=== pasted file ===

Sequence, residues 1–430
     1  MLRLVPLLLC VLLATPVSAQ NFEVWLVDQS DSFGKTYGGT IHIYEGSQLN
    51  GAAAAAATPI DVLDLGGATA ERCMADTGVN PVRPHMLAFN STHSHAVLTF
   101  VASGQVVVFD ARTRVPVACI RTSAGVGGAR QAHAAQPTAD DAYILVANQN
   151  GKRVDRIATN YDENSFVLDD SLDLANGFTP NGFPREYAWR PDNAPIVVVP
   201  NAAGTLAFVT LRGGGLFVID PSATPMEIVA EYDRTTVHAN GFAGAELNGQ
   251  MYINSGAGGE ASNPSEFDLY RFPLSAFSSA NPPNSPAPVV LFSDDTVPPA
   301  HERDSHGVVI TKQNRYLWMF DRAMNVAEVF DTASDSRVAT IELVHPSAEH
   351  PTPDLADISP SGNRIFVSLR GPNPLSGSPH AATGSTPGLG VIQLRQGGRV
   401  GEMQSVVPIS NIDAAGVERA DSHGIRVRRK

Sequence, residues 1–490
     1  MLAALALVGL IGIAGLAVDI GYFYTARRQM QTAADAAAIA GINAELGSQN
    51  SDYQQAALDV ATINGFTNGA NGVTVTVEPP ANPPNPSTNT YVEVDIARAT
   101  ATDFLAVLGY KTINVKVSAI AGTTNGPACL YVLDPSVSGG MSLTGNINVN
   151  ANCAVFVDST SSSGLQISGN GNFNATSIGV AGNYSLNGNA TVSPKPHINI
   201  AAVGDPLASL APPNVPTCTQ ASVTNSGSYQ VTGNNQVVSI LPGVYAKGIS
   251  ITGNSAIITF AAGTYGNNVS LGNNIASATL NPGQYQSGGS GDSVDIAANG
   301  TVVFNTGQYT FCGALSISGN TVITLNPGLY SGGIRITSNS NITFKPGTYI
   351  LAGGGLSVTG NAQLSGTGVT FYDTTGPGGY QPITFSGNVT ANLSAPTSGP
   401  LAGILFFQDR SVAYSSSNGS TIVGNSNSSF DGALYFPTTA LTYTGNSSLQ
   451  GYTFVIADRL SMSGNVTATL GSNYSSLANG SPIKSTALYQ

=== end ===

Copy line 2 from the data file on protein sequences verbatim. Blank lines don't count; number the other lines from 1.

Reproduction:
     1  MLRLVPLLLC VLLATPVSAQ NFEVWLVDQS DSFGKTYGGT IHIYEGSQLN